Enthusiasm comes from humor, warmth, empathy, and being treated like a human (not math robot).

A good lesson has both. But wait: is enthusiasm enough by itself? Hrm. Maybe it's better written:

`Learning = Insight * Enthusiasm`

- If you have 0 for either, you aren't really learning.
- "Negative insight" is learning something false.
- "Negative enthusiasm" is hating something, even to the point of discouraging others.
- "Negative insight with negative enthusiasm" could be discouraging others from learning something false (which is good, right?).

This is just playing with words and pseudo-equations. Sure. But seeing how enthusiasm impacts education reveals a truth: an educational experience can become negative when enthusiasm points the wrong way.

The equations above don't have to be "right". They're helping us work through an idea. The math approach is to isolate the key factors and figure out how they're related.

For something like a car, the key elements seem to be:

`Car = Propulsion * Control`

Traditionally, the details of propulsion involve a gas engine, and the details of control require a human driver. But we're interested in abstraction: are these details we can hide?

Maybe propulsion can be electric. Maybe control can be from a computer. A self-driving electric car satisfies the essence of the equation with different details. (Just like 1 apple + 2 apples = 3 apples works as well as 1 lion + 2 lions = 3 lions.)

Asking the right question is difficult, and critical. For this problem, what are the essential variables? What counts, and what can be thrown away?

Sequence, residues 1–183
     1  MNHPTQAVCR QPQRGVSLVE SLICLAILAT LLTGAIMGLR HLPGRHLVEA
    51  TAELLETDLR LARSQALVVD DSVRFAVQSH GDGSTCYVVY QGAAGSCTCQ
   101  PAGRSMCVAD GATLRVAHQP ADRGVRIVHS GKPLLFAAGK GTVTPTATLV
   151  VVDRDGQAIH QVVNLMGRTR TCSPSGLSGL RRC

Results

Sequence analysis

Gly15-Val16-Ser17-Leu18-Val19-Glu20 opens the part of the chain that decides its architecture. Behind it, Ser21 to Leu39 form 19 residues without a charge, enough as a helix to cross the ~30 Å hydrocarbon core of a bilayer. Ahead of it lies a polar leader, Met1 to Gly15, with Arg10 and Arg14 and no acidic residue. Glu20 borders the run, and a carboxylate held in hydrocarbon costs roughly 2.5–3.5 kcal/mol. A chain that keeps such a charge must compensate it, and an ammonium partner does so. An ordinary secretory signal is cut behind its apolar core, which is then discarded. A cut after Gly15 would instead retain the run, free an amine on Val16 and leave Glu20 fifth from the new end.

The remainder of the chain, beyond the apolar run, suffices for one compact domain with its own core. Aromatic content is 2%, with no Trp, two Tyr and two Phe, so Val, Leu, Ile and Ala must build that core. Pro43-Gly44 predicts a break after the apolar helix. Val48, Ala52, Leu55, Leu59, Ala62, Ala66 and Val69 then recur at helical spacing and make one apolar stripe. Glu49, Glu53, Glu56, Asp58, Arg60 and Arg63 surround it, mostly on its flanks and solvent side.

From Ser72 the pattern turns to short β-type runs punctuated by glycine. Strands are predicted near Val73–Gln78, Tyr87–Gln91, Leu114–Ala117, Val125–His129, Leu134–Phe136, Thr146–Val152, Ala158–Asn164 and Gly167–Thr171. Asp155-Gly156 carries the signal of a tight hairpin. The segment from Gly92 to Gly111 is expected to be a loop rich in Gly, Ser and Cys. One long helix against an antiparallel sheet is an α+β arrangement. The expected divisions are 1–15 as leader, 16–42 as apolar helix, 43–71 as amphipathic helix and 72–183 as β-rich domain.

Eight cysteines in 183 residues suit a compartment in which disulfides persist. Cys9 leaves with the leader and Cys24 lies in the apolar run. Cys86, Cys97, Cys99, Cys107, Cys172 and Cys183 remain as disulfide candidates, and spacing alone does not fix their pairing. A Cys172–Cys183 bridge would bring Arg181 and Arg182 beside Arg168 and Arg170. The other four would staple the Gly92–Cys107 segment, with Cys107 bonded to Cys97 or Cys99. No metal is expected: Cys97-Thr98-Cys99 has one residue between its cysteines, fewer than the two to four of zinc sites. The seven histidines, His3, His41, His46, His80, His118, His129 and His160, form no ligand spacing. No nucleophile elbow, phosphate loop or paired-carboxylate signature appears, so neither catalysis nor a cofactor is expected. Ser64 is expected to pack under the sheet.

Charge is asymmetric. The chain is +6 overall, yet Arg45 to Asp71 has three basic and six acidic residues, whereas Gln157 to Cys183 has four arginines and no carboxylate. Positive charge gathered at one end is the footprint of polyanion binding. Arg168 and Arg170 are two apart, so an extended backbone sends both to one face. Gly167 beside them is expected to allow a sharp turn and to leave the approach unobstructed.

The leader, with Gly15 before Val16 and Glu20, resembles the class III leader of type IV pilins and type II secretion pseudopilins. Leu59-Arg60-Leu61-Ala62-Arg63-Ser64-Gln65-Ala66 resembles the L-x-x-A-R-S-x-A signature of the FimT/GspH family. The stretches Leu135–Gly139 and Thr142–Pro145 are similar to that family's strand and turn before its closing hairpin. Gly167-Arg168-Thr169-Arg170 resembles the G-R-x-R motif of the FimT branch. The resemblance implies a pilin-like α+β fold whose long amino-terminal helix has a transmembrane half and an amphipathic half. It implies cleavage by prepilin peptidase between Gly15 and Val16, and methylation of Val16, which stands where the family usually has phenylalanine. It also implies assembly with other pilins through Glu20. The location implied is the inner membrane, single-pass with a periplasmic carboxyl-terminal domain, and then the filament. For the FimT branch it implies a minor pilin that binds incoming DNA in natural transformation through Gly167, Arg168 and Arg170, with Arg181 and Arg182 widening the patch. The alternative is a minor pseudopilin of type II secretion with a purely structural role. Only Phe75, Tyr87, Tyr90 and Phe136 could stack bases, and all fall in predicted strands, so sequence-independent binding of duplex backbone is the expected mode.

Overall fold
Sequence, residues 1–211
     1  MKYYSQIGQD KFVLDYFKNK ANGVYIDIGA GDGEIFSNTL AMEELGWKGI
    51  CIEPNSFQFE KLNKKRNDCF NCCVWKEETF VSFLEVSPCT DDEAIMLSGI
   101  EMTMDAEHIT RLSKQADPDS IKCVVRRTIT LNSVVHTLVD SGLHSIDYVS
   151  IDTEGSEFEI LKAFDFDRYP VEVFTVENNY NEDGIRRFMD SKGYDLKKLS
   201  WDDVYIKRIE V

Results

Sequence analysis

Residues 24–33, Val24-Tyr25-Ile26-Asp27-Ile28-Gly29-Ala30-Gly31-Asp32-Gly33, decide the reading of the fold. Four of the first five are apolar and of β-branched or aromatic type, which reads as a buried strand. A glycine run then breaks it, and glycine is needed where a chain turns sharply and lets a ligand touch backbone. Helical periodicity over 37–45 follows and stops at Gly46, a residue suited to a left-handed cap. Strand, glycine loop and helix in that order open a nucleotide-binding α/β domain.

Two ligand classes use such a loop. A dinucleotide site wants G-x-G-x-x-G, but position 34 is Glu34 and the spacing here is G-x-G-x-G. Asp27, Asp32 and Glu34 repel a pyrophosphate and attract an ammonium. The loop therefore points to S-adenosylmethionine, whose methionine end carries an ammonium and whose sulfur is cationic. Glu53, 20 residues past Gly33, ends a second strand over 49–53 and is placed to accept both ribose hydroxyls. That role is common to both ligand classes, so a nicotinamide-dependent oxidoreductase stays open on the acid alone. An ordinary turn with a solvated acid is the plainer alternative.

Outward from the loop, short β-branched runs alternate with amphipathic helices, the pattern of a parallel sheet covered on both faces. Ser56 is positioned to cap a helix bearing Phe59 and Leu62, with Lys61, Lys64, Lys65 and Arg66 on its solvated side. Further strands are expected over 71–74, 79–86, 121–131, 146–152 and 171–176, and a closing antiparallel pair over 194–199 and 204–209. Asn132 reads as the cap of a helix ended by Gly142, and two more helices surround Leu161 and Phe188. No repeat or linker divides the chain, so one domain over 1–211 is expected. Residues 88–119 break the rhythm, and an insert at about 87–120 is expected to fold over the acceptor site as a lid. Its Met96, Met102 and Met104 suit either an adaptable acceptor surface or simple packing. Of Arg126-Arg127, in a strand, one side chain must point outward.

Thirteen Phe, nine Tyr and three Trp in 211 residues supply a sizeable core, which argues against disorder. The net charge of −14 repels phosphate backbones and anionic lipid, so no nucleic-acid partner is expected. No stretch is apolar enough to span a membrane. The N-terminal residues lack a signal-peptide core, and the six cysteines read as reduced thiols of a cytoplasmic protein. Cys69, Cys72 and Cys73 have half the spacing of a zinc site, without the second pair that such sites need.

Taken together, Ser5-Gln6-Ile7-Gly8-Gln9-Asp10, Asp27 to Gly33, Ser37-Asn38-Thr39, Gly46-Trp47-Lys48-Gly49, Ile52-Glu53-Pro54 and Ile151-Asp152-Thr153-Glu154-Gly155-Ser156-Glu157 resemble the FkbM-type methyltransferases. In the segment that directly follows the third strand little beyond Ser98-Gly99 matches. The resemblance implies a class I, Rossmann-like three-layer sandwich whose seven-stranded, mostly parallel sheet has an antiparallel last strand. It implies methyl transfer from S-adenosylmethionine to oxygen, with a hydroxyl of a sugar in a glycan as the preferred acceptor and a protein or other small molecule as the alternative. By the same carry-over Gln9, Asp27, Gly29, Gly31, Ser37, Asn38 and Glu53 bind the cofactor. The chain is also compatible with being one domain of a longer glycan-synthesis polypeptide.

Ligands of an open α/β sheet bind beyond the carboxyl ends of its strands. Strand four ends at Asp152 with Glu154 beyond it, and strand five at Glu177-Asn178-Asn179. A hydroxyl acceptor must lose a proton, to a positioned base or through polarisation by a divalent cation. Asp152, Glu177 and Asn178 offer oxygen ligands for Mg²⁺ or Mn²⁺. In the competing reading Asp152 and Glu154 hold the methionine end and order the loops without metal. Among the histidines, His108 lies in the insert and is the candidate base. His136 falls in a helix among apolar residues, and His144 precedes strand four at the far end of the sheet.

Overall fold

A lot of people argue that "math helps your programming". Yes, but not in the way you think.

Most programmers don't use anything beyond algebra and basic statistics. (Yes, yes, if you're working on a video game physics engine you can sit down.)

The key lesson from math is how it abstracted the vast complexity of the world. Here are a few fundamental types of "quantity":

- integers (whole numbers)
- floats (decimal numbers)
- hexadecimal numbers (whole numbers with a simpler way to use powers of 2)
- null (an unset number, different from zero)

Programmers don't need math skills so they can crank through arithmetic. They need math to see examples of the world getting simpler.

Any piece of data (text, images, video, etc.) can be expressed as a giant list of numbers, a combination of the above elements. That's pretty simple.

What other metaphors from math (functions, structure, change, chance) can help us simplify our code?

Bret Victor has a wonderful essay on the Ladder Of Abstraction.

If a new concept is difficult for me, I wonder if I'm at the right level of detail. There's no all-purpose answer like "less detail is better". Sometimes you're staring at your feet and need to zoom out, sometimes you're in the clouds and need to zoom in.

Analogies, Diagrams, Examples, Plain English and Technical definitions, throw them at the wall and trial-and-error a way to better understanding. Like getting an eye exam, move closer or further from an idea until it snaps into focus.

Happy math.

]]>Sure, except your photos come out like this:

(An old-timey selfie. Source.)

The dilemma: You need a camera for the photo, but don't want the camera *in* the photo. The instrument shouldn't appear inside the subject. (*Hubert, you're leaving scalpels in the patient again.*)

So, we need an isolated photo of a shiny object. What can we do?

**Shrink it down**: Make the camera as small as possible. Microscopic, a fleck of dust. But even that speck will show up on the sphere. Take the photo, and fix the blemish with our best guess given the surrounding pixels.**Go invisible**: Make the camera unobservable to the subject: make it from perfectly transparent glass, or actively camouflage with your surroundings (like an octopus). The camera is there, looking at the subject, but the subject cannot notice it.